TLG scouts Iceland with Dark Knight Rises and Bourne Location Managers
Wind buffets us at the edge of civilisation. We’re exploring the remote heights of an Icelandic glacier and the elements are angry. Our car rocks from side to side but the glacier ignores us. Ilt Jones is braving a photo. He struggles to close the door behind him: “Wow! Just... wow! It’s nippy!”
The Location Guide is scouting filming locations in Iceland, travelling with renowned Location Managers Ilt Jones and Dow Griffith. We’re guided by Árni Björn Helgason of Reykjavik-based production company Sagafilm. Dow chuckles when even taking a picture through the open car window proves risky: “Wind wants my hat and my camera!”
As vast as they are epic, the lava plains are an ancient record of a geological past that was every bit as dramatic and turbulent eight million years ago as the Iceland of modern times.
My first experience of Iceland is a black void apparently stretching into the infinite on either side of the road. Árni drives me the 40 minutes from Keflavik Airport to Reykjavik city centre at midnight and smiles: “Those are the lava plains...”
By the light of day the lava plains of southern Iceland are a mesmerising sight. As vast as they are epic, they’re an ancient record of a geological past that was every bit as dramatic and turbulent eight million years ago as the Iceland of modern times. Frozen in pre-history, the lava fields roll lazily from the mountains to the sea.
Travelling with Ilt and Dow is an unparalleled snapshot into the Location Manager’s process. Viewing their surroundings from a filmmaker’s perspective, they still find the time to appreciate the arresting and raw drama that Iceland offers with such intimidating ease. They’re always keen to share memories of past experiences and reflect on how location scouting is hardly an exact science.
As we run out of road on a glacier high above where Ben Stiller is prepping his shoot day for The Secret Life of Walter Mitty, Dow smiles: “Hitchcock was notorious for gliding around in his limousine and when he’d reached a potential filming spot he’d wind down the window just a little, glance out and say ‘That’ll do’.
There’s nothing like a violent sandstorm and the gravelly whoosh of volcanic sand scraping on a car window and rocking the suspension to heighten a sense of adventure.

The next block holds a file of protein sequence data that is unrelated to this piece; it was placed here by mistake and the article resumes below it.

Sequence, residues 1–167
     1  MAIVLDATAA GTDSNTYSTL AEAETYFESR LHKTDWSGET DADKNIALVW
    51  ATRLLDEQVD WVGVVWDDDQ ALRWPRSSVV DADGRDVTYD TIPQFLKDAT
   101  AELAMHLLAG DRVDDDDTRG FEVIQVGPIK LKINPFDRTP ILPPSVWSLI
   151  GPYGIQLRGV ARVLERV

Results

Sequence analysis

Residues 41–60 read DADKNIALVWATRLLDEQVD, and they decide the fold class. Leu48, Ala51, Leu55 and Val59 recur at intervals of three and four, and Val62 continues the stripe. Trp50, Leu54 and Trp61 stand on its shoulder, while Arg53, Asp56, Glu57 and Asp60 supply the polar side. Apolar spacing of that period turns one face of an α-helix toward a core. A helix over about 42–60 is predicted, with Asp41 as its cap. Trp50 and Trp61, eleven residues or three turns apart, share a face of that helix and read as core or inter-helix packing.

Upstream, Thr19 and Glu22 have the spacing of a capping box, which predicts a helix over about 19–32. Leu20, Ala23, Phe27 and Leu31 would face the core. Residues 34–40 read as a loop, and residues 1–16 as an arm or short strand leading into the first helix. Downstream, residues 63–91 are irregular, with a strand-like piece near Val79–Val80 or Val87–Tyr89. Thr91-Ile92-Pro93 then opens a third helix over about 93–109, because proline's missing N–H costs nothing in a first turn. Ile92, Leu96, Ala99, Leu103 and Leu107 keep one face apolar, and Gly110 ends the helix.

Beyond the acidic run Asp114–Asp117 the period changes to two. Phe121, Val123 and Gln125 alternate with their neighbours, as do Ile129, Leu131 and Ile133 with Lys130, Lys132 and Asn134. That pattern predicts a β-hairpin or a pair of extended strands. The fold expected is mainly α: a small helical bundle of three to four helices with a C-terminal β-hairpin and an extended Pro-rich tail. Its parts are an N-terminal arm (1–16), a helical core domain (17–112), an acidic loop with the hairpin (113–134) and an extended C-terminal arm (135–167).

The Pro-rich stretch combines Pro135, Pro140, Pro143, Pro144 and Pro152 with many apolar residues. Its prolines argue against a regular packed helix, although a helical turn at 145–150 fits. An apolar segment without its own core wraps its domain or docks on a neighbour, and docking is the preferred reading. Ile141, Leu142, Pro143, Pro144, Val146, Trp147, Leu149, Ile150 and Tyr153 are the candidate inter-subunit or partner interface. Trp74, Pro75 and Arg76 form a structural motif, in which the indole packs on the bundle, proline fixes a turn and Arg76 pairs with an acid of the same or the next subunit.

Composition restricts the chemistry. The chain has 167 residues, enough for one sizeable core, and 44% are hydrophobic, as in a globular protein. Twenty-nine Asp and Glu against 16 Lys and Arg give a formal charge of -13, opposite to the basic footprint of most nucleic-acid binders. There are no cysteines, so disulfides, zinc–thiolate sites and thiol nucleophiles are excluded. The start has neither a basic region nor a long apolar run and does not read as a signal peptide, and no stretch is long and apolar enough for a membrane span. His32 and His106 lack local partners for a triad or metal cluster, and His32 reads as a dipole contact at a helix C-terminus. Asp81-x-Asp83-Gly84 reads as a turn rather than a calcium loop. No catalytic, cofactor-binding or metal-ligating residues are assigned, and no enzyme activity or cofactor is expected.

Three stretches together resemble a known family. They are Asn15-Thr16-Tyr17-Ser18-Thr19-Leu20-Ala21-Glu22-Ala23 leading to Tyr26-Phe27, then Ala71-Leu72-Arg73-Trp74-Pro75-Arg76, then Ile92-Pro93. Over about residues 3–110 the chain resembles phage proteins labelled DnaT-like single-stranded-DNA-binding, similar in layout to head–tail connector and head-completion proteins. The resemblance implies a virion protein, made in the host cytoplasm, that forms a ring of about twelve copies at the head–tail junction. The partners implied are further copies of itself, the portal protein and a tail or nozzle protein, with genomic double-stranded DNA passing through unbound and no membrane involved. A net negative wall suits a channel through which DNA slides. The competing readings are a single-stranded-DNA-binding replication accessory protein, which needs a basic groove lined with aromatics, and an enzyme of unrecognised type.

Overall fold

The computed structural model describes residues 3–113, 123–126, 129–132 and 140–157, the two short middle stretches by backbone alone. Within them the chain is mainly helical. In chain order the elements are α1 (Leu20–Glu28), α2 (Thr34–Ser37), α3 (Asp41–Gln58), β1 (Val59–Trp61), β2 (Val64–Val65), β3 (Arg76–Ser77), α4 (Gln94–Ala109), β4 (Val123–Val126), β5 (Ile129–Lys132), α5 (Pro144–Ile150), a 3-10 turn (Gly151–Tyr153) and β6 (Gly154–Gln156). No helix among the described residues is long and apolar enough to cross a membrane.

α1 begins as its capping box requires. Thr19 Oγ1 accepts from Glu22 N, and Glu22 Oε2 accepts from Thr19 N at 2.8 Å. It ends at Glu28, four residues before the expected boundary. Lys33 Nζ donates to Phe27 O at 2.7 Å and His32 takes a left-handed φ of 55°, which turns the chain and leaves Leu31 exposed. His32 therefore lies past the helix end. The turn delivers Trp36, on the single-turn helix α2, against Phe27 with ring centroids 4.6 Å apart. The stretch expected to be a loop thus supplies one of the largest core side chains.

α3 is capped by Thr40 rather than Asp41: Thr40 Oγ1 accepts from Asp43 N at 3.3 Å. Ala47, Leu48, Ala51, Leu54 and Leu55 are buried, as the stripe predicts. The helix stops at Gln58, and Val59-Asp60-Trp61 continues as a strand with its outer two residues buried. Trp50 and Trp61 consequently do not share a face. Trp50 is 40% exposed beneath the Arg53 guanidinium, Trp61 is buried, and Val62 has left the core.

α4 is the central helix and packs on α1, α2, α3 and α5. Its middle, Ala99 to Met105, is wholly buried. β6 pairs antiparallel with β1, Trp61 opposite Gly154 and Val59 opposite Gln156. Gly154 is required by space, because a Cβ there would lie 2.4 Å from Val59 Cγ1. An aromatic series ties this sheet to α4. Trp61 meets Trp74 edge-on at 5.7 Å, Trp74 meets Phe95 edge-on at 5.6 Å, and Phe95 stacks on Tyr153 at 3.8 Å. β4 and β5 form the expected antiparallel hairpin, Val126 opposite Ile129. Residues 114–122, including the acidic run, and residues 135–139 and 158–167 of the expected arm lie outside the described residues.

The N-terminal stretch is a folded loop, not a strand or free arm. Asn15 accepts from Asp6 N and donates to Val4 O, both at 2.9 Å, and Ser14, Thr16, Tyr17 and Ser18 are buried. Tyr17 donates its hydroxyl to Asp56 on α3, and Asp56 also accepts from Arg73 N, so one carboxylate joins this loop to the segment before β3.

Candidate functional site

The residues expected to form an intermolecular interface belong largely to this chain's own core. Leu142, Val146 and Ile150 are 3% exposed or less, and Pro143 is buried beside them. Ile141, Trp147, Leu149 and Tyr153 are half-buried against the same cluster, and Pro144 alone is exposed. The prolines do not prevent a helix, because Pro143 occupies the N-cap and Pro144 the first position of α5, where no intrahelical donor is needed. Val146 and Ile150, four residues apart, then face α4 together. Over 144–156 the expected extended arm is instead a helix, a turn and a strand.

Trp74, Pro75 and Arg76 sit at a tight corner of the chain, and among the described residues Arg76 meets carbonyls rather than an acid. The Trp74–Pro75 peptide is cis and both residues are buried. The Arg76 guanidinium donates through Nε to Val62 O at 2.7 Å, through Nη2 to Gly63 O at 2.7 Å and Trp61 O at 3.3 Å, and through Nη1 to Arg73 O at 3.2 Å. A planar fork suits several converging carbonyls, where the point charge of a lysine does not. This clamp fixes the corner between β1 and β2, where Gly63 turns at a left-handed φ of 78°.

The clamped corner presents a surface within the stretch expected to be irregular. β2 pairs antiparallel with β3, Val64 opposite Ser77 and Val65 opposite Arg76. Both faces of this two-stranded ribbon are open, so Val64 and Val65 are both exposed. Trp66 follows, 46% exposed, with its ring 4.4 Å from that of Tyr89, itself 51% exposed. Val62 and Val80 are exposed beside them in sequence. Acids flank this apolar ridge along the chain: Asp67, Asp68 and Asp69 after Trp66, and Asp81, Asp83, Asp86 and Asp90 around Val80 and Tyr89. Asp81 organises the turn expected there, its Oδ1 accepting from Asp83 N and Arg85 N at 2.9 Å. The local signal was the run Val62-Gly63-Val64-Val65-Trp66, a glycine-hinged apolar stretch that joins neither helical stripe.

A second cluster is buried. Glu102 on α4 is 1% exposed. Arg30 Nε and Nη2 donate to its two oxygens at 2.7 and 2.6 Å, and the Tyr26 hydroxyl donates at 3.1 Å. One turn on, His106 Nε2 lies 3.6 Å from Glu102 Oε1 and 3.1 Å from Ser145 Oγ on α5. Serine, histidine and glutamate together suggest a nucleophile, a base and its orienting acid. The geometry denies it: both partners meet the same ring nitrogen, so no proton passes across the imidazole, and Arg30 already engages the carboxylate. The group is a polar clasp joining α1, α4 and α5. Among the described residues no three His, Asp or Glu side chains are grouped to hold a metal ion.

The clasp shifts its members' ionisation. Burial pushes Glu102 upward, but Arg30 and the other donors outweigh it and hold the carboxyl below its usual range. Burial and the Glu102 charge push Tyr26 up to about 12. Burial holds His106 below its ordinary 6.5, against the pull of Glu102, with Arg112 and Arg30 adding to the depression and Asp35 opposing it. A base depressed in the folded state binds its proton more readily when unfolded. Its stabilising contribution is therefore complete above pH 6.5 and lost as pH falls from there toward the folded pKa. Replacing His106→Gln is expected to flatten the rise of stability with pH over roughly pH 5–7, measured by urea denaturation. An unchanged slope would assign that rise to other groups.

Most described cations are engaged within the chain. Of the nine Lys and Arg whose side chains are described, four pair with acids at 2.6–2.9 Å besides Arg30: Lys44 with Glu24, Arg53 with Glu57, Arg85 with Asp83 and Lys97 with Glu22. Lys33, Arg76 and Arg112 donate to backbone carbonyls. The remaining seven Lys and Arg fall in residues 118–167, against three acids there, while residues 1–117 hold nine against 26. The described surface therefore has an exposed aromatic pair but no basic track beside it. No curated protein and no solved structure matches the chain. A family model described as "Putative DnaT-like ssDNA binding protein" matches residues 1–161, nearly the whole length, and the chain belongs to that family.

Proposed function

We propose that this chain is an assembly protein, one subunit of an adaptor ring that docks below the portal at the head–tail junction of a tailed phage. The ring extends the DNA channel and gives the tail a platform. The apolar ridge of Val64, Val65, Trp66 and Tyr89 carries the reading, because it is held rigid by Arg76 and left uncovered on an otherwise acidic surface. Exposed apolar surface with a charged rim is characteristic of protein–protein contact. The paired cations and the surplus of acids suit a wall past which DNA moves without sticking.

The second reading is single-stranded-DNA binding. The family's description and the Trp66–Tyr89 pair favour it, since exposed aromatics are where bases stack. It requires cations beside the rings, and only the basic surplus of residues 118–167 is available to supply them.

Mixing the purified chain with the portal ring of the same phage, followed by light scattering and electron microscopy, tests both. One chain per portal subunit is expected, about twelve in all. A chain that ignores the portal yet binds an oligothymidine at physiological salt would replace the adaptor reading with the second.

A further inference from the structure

“On Proof of Life the Director Taylor Hackford took a very hands-on and adventurous approach to scouting in South America. He’d take the lead hacking his way through the jungle. He’d never ask anything of anyone that he wouldn’t do himself.”
The elements roundly embrace us from the get-go as we navigate Iceland’s southern coastal road, with uncharacteristic high winds both battering and relentless. There’s nothing like a violent sandstorm and the gravelly whoosh of volcanic sand scraping on a car window and rocking the suspension to heighten a sense of adventure. The road is sometimes elusive as gale-force sand plays havoc with visibility.
Our intention is to check out some locations used recently by Darren Aronofsky for his upcoming biblical epic Noah. Despite Árni’s nerveless hands at the wheel, we’re eventually beaten by the sandstorm, but as we marvel at the drama whipping itself into a frenzy outside the car, Ilt shares some enthusiastic stories of working with Michael Bay on three Transformers movies: “More often than not there’s a fun, exciting atmosphere on Michael’s sets and you always know that everyone, in every department, is going to be the absolute best at what they do. It’s a real buzz.”
We find ourselves facing drama in the most menial of tasks one moment as the wind grapples hungrily at the open car door against the backdrop of the passive cracked bulk of a glacier. Then suddenly we’re able to appreciate the wind-sculpted beauty of a sapphire-blue ice floe in a sheltered glacial lagoon.